Eighty million users can’t be wrong. And smart marketers can’t ignore a platform that brings millions of eyes to brands, products and services.
Instagram is a mobile marketplace that uses images to build relationships and catalyze conversations that can impact consumer loyalty. Since launching in October 2010, over 4 billion photos have been shared, making Instagram the most popular photo sharing app ever created. Some imaging experts compare Instagram’s impact to Kodak’s iconic Brownie.
Although most users are consumers snapping and sharing images of their families, pets, food and travels, some smart marketers are helping brands build a presence on the best visual social network on the planet.
Before jumping on the Instagramming bandwagon, consider these three components of a successful strategy:
1. Consistency and Continuity
Your audience craves content with a distinctive voice, whether it’s verbal or visual. An effective content marketing strategy successfully creates consistency across all channels. Consumer’s expectations for relevant messages across channels are higher than ever. As Jim Roemmer, senior director of the addressable media team at Gap Inc. Direct, explains: “Customers don’t care that a marketer is organized by channels — they want the marketer to stitch the multichannel experience all together.” If your images are off-brand, then your brand will come across as confused or muddled.
Seriously evaluate whether your company’s content is consistent and cohesive. Is the tone of your blog quirky and irreverent? Consider consistently sharing images that reinforce this unconventional brand image. Is the tone of your blog professorial? Consider consistently sharing images that are informational.
Take your commitment to continuity a step farther by establishing an Instagram identity and sharing standards for your company. Choose 1 or 2 Instagram filters and stick with them. This creates your signature style for your followers to recognize. Sound simple? Maybe, but simple, strategic steps can make a significant impact on your overall content strategy. For example, Tiffany & Company’s signature blue imbues many of their Instagram images with brand continuity.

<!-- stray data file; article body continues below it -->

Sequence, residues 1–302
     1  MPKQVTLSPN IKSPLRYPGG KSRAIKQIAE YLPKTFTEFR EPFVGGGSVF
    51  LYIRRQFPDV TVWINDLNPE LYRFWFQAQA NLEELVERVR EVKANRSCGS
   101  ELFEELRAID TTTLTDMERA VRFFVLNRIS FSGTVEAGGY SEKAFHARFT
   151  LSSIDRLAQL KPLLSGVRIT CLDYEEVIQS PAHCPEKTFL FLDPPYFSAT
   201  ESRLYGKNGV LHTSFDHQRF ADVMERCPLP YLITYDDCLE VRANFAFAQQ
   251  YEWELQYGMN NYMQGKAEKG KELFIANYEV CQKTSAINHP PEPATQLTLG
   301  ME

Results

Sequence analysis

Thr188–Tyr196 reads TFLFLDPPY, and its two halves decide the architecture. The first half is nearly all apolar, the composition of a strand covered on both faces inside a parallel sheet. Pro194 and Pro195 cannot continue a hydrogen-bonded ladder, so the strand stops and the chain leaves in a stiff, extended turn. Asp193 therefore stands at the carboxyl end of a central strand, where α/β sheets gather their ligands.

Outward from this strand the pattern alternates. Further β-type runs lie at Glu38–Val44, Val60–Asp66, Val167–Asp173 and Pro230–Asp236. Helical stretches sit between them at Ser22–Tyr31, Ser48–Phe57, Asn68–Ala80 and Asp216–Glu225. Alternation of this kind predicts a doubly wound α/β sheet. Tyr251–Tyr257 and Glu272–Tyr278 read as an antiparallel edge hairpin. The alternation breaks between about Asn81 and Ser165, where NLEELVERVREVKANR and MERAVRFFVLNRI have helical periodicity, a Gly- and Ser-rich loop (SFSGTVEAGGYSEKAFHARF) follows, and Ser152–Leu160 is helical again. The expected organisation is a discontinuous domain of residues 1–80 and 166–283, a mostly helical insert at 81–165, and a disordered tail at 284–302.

2. Monitoring and Measuring
Just like any social media channel, Instagram can benefit your brand or turn into a time-consuming chore. If you decide to utilize Instagram as part of your marketing strategy, you must monitor and measure your activity to evaluate its effectiveness. Put a monitoring tool in place before sharing images on Instagram.
Statigram sets the standard for Instagram account management. Functioning much like Facebook or Twitter, Statigram enables you to effectively translate your Instagram experience onto desktop browsers. Chat with followers, view and respond to comments, and analyze follower and image viewing statistics.
Since Statigram stands strongly at the intersection of social media and metrics, you can chat with followers while simultaneously evaluating the best time to post a photo. To take this tool a step farther, you can confirm which of Instagram’s various filters will get you the most likes! It all arrives in a sleek reporting package that’s simple to use and lovely to see.
3. Continuing Conversations
Remember, Instagram is a *social* network. That means its real power is catalyzing conversations that turn into longterm relationships. Images are merely the conduit.
Have you created a survey via email or social media to ask your customers if they’re using Instagram? If not, try it out. When you receive results, seek out your customers and follow them. Instagram is a two-way street. So, continually engage with customers by liking or commenting on a their images. Even following a customer will let them know you’re interested in them and encourage them to follow you back!
In addition, search for and participate in commonly used hashtags, like #throwbackthursday, so users who may not be familiar with your blog can find you while browsing.
Tiffany & Company leveraged the social power of Instagram by using a specific hashtag in a marketing campaign. They prompted users to tag personal photos #trueloveinpictures and then built a microsite showcasing user-generated photos. Tiffany & Company created relationships with Instagram users, while receiving free content and a boatloads of publicity.
To learn how to use Instagram effectively, check out this helpful infographic created by Marketo. Or, to view examples of twenty companies creatively using Instagram to build brand awareness and engagement, check out this article.
About the Author
Rachel LaCour Niesen is co-founder and Chief Ideation Officer of MatchStick Strategies. Find more musings from Rachel on Twitter, Facebook and Pinterest.